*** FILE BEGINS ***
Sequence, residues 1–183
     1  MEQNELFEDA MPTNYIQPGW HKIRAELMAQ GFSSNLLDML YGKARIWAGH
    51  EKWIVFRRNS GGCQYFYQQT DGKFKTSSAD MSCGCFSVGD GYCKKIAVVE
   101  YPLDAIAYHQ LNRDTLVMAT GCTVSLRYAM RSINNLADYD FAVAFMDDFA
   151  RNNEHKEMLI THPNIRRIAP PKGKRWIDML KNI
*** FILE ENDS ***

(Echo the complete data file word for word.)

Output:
Sequence, residues 1–183
     1  MEQNELFEDA MPTNYIQPGW HKIRAELMAQ GFSSNLLDML YGKARIWAGH
    51  EKWIVFRRNS GGCQYFYQQT DGKFKTSSAD MSCGCFSVGD GYCKKIAVVE
   101  YPLDAIAYHQ LNRDTLVMAT GCTVSLRYAM RSINNLADYD FAVAFMDDFA
   151  RNNEHKEMLI THPNIRRIAP PKGKRWIDML KNI